WASHINGTON — A polluted drainage ditch that once flowed with industrial waste from Lake Charles, La., petrochemical plants teems with overgrown, wild plants today.
A light-rail line zips past the spot where a now-defunct Portland gasoline station advertised in 1973 that it had run out of gas.
A smoking Jersey City, N.J., dump piled with twisted, rusty metal has disappeared, along with the twin towers of the World Trade Center in lower Manhattan that were its backdrop.
Forty years after the Environmental Protection Agency sent an army of nearly 100 photographers across the country to capture images at the dawn of environmental regulation, The Associated Press went back for Earth Day this year to see how things have changed. It is something the agency never got to do because the Documerica program, as it was called, died in 1978, the victim of budget cuts.
AP photographers returned to more than a dozen of those locations in recent weeks. Of the 20,000 photos in the archive, the AP selected those that focused on environmental issues, rather than the more general shots of everyday life in the 1970s.
Gone are the many obvious signs of pollution — clouds of smoke billowing from industrial chimneys, raw sewage flowing into rivers, garbage strewn over beaches and roadsides — that heightened environmental awareness in the 1970s, and led to the first Earth Day and the EPA’s creation in 1970. Such environmental consciousness caused Congress to pass almost unanimously some of the country’s bedrock environmental laws.
Today’s pollution problems aren’t as easy to see or photograph. Some in industry and politics ask whether the risks are worth addressing, given their costs.
“To a certain extent, we are a victim of our own success,” said William Ruckelshaus, who headed the EPA when it came into existence under Republican President Richard Nixon and was in charge during the Documerica project. “Right now, EPA is under sharp criticism partially because it is not as obvious to people that pollution problems exist and that we need to deal with them.”
Environmental bills that passed Congress so easily in Ruckelshaus’ day are now at the center of partisan disputes. Dozens have been introduced to limit environmental protections that critics say lead to economic harm, and some people question what the vast majority of scientists accept — that the burning of fossil fuels is causing global warming.
In the 1970s, Documerica photographers captured a wave of coal-fired power plant construction. Republicans and the industry now say environmental regulations are partly to blame for shuttering some of the oldest, dirtiest coal plants.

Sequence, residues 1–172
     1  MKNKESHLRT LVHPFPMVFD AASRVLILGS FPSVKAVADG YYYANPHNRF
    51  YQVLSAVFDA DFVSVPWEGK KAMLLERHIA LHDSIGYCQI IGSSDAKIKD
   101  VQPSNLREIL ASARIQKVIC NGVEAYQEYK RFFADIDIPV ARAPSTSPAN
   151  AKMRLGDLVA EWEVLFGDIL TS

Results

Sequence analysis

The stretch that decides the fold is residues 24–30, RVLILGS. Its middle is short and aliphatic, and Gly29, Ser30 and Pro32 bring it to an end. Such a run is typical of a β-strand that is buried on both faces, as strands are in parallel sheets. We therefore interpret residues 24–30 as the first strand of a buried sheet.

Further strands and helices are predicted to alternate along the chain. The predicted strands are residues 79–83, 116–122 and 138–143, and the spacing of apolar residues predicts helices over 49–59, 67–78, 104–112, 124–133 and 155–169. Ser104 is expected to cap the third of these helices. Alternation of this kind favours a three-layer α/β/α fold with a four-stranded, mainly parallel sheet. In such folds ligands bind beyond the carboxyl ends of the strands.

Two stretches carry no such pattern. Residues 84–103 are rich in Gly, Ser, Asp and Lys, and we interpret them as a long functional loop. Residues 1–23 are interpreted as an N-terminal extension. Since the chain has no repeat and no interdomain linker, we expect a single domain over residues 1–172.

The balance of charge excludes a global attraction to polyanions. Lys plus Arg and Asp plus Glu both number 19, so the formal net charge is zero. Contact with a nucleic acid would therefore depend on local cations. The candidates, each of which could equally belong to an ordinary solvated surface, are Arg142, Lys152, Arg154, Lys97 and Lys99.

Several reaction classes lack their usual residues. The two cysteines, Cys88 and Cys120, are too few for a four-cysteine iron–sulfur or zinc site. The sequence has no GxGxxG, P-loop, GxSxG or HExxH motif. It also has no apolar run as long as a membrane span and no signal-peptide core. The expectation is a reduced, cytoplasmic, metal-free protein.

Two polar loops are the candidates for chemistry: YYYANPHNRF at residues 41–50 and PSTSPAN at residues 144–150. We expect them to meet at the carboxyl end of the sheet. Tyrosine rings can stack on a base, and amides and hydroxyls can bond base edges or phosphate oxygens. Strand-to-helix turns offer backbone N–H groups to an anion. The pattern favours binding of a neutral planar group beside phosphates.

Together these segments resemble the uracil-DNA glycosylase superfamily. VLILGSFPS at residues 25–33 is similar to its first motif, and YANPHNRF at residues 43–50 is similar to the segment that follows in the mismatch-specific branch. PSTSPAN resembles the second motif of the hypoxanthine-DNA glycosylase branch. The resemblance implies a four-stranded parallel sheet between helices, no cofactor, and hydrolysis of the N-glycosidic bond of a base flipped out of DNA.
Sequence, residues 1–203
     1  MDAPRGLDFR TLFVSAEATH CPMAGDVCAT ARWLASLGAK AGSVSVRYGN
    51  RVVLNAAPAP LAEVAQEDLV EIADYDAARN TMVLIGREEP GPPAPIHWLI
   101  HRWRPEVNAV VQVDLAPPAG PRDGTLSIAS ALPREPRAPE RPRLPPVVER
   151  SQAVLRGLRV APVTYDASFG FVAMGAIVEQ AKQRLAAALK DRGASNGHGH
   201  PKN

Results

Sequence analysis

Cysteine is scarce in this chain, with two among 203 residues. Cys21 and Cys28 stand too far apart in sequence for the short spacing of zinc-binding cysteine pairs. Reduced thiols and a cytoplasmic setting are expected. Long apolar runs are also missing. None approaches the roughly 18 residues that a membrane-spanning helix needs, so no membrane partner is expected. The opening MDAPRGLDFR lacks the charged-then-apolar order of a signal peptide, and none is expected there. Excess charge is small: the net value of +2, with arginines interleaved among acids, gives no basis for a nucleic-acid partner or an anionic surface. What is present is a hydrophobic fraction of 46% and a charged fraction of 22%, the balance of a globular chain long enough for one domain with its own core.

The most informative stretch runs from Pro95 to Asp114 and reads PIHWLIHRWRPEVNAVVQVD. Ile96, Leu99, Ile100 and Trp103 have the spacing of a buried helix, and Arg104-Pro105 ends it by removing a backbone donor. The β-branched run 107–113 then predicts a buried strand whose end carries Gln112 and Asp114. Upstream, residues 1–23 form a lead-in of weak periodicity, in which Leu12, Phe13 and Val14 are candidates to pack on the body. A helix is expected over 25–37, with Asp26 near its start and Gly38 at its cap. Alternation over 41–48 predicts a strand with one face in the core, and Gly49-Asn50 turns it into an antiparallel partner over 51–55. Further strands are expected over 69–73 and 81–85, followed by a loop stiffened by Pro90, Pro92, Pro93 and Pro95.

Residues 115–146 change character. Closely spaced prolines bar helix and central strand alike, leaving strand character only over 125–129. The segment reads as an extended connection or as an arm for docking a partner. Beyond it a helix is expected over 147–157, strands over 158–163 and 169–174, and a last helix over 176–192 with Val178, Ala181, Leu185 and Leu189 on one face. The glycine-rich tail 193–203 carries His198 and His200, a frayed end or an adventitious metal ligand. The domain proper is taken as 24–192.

Jim DiPeso of ConservAmerica, a group that recently changed its name from Republicans for Environmental Protection, said, “This time of greater cynicism about government, more economic anxiety and the fact that the problems are not immediately apparent, has created this political problem for EPA.”
EPA chief Lisa Jackson said she believes that people in the United States still want to protect the environment. “There’s a large gulf between the rhetoric inside the Beltway to do everything from cut back on EPA to get rid of the whole place, and what the American people would actually stand for,” she said. “It’s very easy to make rash statements without thinking about what that means to the health of everyday Americans.”
A 2010 Pew Research Center survey showed that 57 percent of those questioned held a favorable view of the EPA, compared with 69 percent in 1997. A CNN/Opinion Research Corp. poll last year found that 71 percent said the government should continue to fund the EPA to enforce regulations to address global warming and other environmental issues.
Images always have spurred environmental consciousness. A 1980s satellite picture of the ozone hole helped lead to a ban on the chemicals in aerosol cans and refrigerants that were responsible. Underwater video of oil spewing into the Gulf of Mexico in 2010 opened the public’s eyes to the gravity of the largest offshore oil spill in U.S. history.
But a second Documerica project, with professional photographers, would be impossible today, given budget cuts and the wariness of industry.
Lyntha Scott Eiler, 65, shot photographs for Documerica in Arizona and Ohio. At the Navajo Generating Station, she got right down in a strip mine “where the shovels were.”
“They weren’t afraid of the EPA, so it was, ‘What else you do you want to get a photograph of?,”’ Eiler said. “You probably would have a hard time doing that today.”